In his review of the treatment of breast cancer (Oct. 1 issue), (1) Dr. Hortobagyi discusses the indications for adjuvant treatment. Table 4 of his article shows the selection of adjuvant systemic therapy according to the patient's age, estrogen-receptor status, and "level of risk." The levels of risk are listed as any, low, and moderate or high. How were the levels of risk defined?
Teresa Corcoran, M.D.
Cambridge, MA 02139
Dr. Hortobagyi notes that in women with breast cancer, "The combination of tamoxifen (or ovarian ablation for premenopausal women) and chemotherapy is more effective than either alone." Although this is true for the combination of tamoxifen and chemotherapy, the available data do not indicate that ovarian ablation and chemotherapy are more effective than chemotherapy alone in premenopausal women. In two trials in which surgical oophorectomy and chemotherapy were compared with chemotherapy alone in premenopausal women, the survival rates were similar with the two approaches. (1,2) Furthermore, pooled data from five randomized trials (involving 933 women), including the two trials mentioned above, revealed no differences in terms of both relapse-free survival and overall survival between women receiving chemotherapy plus ovarian ablation and those receiving chemotherapy alone. (3) Therefore, we think ovarian ablation should not be recommended routinely in addition to chemotherapy for premenopausal women with early breast cancer.
Lucia Del Mastro, M.D.
St. Chiara Hospital
56100 Pisa, Italy
Marco Venturini, M.D.
National Cancer Institute
16132 Genoa, Italy
2. Rivken SE, Green S, O'Sullivan J, et al.
Adjuvant CMFVP versus adjuvant CMFVP plus ovariectomy for premenopausal,
node-positive, and estrogen receptor-positive breast cancer patients: a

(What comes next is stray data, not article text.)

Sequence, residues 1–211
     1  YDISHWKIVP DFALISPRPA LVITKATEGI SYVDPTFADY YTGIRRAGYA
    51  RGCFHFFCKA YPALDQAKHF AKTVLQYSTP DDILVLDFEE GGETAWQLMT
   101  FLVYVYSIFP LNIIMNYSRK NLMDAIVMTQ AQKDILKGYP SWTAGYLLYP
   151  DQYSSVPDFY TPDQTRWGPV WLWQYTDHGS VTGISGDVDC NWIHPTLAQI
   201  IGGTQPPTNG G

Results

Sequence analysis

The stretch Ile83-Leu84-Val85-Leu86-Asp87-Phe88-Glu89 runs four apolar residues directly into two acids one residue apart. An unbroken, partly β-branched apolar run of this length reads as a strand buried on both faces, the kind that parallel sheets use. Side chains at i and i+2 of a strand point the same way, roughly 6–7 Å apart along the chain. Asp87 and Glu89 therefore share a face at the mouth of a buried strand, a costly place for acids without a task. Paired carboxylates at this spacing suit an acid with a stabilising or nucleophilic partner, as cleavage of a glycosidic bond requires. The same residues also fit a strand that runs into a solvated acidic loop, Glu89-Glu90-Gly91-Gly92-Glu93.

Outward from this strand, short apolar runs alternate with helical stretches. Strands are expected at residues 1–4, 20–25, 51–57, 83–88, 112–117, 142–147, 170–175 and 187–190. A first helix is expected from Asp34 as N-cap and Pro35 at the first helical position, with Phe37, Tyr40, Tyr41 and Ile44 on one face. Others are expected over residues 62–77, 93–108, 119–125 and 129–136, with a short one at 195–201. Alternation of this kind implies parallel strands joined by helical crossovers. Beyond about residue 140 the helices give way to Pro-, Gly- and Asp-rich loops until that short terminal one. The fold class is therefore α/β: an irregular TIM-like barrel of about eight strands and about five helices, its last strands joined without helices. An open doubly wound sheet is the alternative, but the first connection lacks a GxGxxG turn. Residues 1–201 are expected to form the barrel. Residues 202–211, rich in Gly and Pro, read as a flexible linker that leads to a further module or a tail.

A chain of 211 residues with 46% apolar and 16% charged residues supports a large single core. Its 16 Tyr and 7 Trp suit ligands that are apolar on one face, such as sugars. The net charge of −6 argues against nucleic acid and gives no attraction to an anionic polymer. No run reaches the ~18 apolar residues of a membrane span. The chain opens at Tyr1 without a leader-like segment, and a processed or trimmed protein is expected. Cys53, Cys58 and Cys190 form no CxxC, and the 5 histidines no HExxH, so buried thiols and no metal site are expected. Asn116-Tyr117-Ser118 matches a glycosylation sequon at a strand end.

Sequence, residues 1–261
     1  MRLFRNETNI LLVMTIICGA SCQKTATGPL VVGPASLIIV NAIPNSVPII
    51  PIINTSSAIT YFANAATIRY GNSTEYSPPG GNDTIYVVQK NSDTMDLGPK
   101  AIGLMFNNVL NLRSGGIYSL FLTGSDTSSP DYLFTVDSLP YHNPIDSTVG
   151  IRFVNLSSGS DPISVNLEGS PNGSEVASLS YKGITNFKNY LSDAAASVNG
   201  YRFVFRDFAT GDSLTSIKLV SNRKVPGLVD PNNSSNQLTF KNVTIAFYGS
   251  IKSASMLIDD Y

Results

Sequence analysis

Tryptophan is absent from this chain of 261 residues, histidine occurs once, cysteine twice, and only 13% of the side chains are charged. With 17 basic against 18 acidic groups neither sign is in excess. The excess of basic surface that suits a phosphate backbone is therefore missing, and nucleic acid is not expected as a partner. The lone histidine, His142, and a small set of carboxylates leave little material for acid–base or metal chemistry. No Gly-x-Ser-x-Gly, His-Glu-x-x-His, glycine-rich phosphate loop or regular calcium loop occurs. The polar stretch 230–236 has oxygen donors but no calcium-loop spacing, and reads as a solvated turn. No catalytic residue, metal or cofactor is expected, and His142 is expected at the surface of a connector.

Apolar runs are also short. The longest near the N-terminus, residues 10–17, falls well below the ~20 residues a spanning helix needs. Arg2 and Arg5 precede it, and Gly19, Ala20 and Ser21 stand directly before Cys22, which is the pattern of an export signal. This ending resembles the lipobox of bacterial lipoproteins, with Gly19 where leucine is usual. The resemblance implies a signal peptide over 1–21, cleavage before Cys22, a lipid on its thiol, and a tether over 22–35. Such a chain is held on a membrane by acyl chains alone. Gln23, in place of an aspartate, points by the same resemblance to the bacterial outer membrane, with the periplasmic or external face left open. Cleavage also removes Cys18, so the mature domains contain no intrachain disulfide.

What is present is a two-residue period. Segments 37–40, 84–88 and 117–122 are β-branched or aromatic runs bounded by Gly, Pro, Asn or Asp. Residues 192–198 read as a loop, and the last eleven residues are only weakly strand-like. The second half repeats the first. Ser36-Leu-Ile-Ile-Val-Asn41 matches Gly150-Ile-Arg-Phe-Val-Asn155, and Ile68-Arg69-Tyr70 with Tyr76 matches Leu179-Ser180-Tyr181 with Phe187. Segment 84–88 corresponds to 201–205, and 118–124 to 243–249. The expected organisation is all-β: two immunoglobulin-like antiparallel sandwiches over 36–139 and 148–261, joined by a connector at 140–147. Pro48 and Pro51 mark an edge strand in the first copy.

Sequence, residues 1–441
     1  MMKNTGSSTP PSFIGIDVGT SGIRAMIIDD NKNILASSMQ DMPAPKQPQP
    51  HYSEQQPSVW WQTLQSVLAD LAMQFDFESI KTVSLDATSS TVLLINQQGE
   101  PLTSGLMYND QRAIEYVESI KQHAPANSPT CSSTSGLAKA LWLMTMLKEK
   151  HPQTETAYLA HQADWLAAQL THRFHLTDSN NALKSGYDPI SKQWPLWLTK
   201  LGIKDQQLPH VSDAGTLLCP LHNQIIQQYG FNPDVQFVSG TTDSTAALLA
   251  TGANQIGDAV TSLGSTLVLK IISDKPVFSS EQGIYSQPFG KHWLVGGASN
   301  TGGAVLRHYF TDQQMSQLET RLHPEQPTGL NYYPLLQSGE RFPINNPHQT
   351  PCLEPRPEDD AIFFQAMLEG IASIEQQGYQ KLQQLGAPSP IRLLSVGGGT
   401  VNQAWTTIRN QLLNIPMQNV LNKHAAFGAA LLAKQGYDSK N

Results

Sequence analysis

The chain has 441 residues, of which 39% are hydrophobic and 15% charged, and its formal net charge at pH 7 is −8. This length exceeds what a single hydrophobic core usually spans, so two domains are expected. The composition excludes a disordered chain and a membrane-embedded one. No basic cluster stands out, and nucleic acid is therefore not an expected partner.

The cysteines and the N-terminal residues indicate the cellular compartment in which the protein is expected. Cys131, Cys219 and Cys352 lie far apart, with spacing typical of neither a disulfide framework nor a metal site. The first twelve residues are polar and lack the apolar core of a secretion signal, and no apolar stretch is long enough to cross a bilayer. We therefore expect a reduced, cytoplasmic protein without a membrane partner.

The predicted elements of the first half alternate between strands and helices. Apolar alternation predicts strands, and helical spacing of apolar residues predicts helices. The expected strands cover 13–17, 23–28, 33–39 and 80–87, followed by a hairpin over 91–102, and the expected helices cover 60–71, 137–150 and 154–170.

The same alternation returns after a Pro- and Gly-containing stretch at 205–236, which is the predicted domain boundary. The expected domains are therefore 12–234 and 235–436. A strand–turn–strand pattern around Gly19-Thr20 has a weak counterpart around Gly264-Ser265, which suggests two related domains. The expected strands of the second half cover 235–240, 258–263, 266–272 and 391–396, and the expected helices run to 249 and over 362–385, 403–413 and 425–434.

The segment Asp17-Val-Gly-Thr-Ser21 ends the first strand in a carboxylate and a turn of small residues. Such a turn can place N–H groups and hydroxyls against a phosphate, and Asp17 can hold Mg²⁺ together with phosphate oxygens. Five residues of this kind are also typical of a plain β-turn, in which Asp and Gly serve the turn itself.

Southwest Oncology Group study. J
Clin Oncol 1996;14:46-51.
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To the Editor:
Dr. Corcoran's question concerns the definition of the level of risk when adjuvant systemic therapy is being selected. I intentionally left the level of risk undefined, because our ability to assess prognosis is evolving. At present, I consider that a woman with breast cancer has a low risk of metastatic disease if her risk is estimated to be around 10 to 20 percent at five years. This level of risk applies to women of any age with primary tumors that are small (1 to 3 cm in diameter), or intermediate or well differentiated, and with no positive axillary lymph nodes. For these women, it is reasonable to consider hormonal therapy or chemotherapy. For women with an individual risk higher than 20 percent, combined therapy is indicated.
Drs. Del Mastro and Venturini are correct in pointing out that there is no strong evidence that the combination of ovarian ablation and chemotherapy is more effective than chemotherapy alone in premenopausal women. This is so to a large extent because of the small number of women in whom the treatments were compared, mostly at a time when information on estrogen-receptor status was not widely available. However, both qualitatively and quantitatively, the trends are in the same direction as for the combination of tamoxifen and chemotherapy. In the Ludwig Breast Cancer Study II, if one restricts the analysis to women with estrogen-receptor-positive tumors, there was a 5 percent absolute improvement in estimated disease-free survival at four years in the combination-therapy group (P=0.12). (1) Furthermore, the report on the meta-analysis of ovarian-ablation trials states, "Among the 550 women with [estrogen-receptor-positive] primary tumors, however, ablation plus chemotherapy appeared to be more effective than chemotherapy alone, both for recurrence-free survival and for overall survival, but these differences were not statistically significant." (2)
There is no plausible hypothesis suggesting that ovarian ablation is inferior to tamoxifen. Although I prefer treatment with tamoxifen to ovarian ablation, the available data strongly suggest that the combination of surgical oophorectomy and chemotherapy is similar in efficacy to the combination of tamoxifen and chemotherapy in premenopausal women.
Gabriel N. Hortobagyi, M.D.
University of Texas M.D. Anderson Cancer Center
Houston, TX 77030